Dancing with Mozart by the Royal NZ Ballet
Choreographed and designed by New Zealand born Corey Baker, The Last Dance is the most politically relevant production the Royal New Zealand Ballet has done in years. It is also one of the most chillingly moving.
Driven by his intention to highlight climate change, Baker collaborated with composer Duncan Grimley, who uses excerpts from Mozart’s sublime Requiem, as well as deconstructing the same music. The fragmentation of it echoes the breaking down of our future world. This music and that of the two Kylian works is recorded.
Choreographically it is somewhat cautious, but the drama of the work carries it forward.
Integral to its success is the brilliant lighting design of Michael Mazzola.
Eight dancers in white body suits on a white minimalist set represent the ice. Mayu Tanigaito and Joseph Skelton sit inside a large Perspex box. This is our world – its people oblivious to the destruction around them.
The melting ice is conveyed by pieces of the dancers’ costumes beginning to peel off, revealing the black beneath, while part of the white floor is simply picked up and carried away. The climax is devastatingly relentless and apt.
Everyone involved deserved their standing ovation.
George Balanchine’s Divertimento No. 15 is problematic. It’s pure, undiluted classicism demands dancing of the highest order. It needs exceptional clarity, ease of execution and effortless speed, while keeping a pure classical line.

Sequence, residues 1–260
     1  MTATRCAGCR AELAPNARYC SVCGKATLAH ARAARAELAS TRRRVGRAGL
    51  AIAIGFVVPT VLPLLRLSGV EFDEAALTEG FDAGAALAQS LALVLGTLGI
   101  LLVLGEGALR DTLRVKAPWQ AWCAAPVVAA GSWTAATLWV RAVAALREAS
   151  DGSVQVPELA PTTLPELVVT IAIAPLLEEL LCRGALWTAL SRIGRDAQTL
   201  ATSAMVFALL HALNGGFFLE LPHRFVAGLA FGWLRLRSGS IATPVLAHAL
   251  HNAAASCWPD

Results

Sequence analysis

Some, such as Guest Artists Veronika Part and Nadia Yanowsky seem at ease here. They are warm, expansive dancers, with beautiful arms, and fluid upper body strength. Mayu Tanigaito, who appears in every work of the evening with apparently limitless energy, is beautifully placed and a delight. Joseph Skelton seems born to dance Balanchine with his noble carriage, pure line and excellent partnering. His pas de deux with Tanigaito is quite lovely. Also impressive are Alexandre Ferreira and Wan Bin Yuan. But not all the dancers were able to deliver to these high standards.
Additionally, in spite of knowledgeable staging by Guest Francia Russell, Orchestra Wellington’s sensitive playing under the lively baton of Marc Taddei, attractive costumes by Barbara Karinska, and the dancers smiling fixedly throughout enough to make their jaws ache, the work appears dated.
Choreographer Jiri Kylian’s celebrated two works Petite Mort and Sechs Tanze are companion pieces usually performed in the same programme. Both are staged here by Stefan Zeromski.
The beautiful, mellow lighting design is a joint effort by Kylian (concept) and Joop Caboort (realisation).
Petite Mort is danced to Mozart’s Piano Concertos in A major, and C major, and the witty costume design is by Joke Visser.
Kylian’s choreography requires great plasticity, elegance and clarity from his dancers, which the entire cast ably deliver.
The work encompasses the joy of sexual union and the transience of life. From the superb opening image of 6 male dancers holding foils, symbolic of death which always accompanies us, this is masterly choreography.
From start to finish Sechs Tanze is a hilarious romp that never lets up. With Deutsche Tanze, Kylian has perfectly captured Mozart’s own irreverence and zest for life.
The cast dance with gusto and bottomless energy. This audience favourite is a great finale to an eclectic evening of dance.
Dancing with Mozart tours to Christchurch, Invercargill, Dunedin, Blenheim, Palmerston North, Napier and Auckland until 8 July.
Read Theatreview review (Deirdre Tarrant)